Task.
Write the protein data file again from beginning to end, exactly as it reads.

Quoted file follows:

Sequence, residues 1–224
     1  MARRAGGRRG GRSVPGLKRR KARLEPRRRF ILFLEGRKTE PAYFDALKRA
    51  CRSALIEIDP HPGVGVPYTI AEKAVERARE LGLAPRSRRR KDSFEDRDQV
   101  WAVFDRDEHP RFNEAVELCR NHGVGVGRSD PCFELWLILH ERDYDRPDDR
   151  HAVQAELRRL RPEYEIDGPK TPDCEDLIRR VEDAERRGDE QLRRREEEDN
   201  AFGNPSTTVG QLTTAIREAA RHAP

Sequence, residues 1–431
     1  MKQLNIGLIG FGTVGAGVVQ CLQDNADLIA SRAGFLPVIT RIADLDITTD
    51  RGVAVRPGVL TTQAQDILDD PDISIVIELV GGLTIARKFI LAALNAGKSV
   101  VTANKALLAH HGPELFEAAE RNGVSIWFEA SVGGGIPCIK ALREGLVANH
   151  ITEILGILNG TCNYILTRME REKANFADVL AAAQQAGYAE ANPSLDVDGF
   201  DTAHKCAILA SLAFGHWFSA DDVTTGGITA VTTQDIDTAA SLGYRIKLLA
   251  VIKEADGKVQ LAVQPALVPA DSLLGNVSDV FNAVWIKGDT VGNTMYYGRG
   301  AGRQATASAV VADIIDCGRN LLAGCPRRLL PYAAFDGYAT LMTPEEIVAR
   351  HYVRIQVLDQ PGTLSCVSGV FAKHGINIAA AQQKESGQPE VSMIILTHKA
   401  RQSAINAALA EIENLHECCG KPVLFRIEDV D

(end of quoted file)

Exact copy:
Sequence, residues 1–224
     1  MARRAGGRRG GRSVPGLKRR KARLEPRRRF ILFLEGRKTE PAYFDALKRA
    51  CRSALIEIDP HPGVGVPYTI AEKAVERARE LGLAPRSRRR KDSFEDRDQV
   101  WAVFDRDEHP RFNEAVELCR NHGVGVGRSD PCFELWLILH ERDYDRPDDR
   151  HAVQAELRRL RPEYEIDGPK TPDCEDLIRR VEDAERRGDE QLRRREEEDN
   201  AFGNPSTTVG QLTTAIREAA RHAP

Sequence, residues 1–431
     1  MKQLNIGLIG FGTVGAGVVQ CLQDNADLIA SRAGFLPVIT RIADLDITTD
    51  RGVAVRPGVL TTQAQDILDD PDISIVIELV GGLTIARKFI LAALNAGKSV
   101  VTANKALLAH HGPELFEAAE RNGVSIWFEA SVGGGIPCIK ALREGLVANH
   151  ITEILGILNG TCNYILTRME REKANFADVL AAAQQAGYAE ANPSLDVDGF
   201  DTAHKCAILA SLAFGHWFSA DDVTTGGITA VTTQDIDTAA SLGYRIKLLA
   251  VIKEADGKVQ LAVQPALVPA DSLLGNVSDV FNAVWIKGDT VGNTMYYGRG
   301  AGRQATASAV VADIIDCGRN LLAGCPRRLL PYAAFDGYAT LMTPEEIVAR
   351  HYVRIQVLDQ PGTLSCVSGV FAKHGINIAA AQQKESGQPE VSMIILTHKA
   401  RQSAINAALA EIENLHECCG KPVLFRIEDV D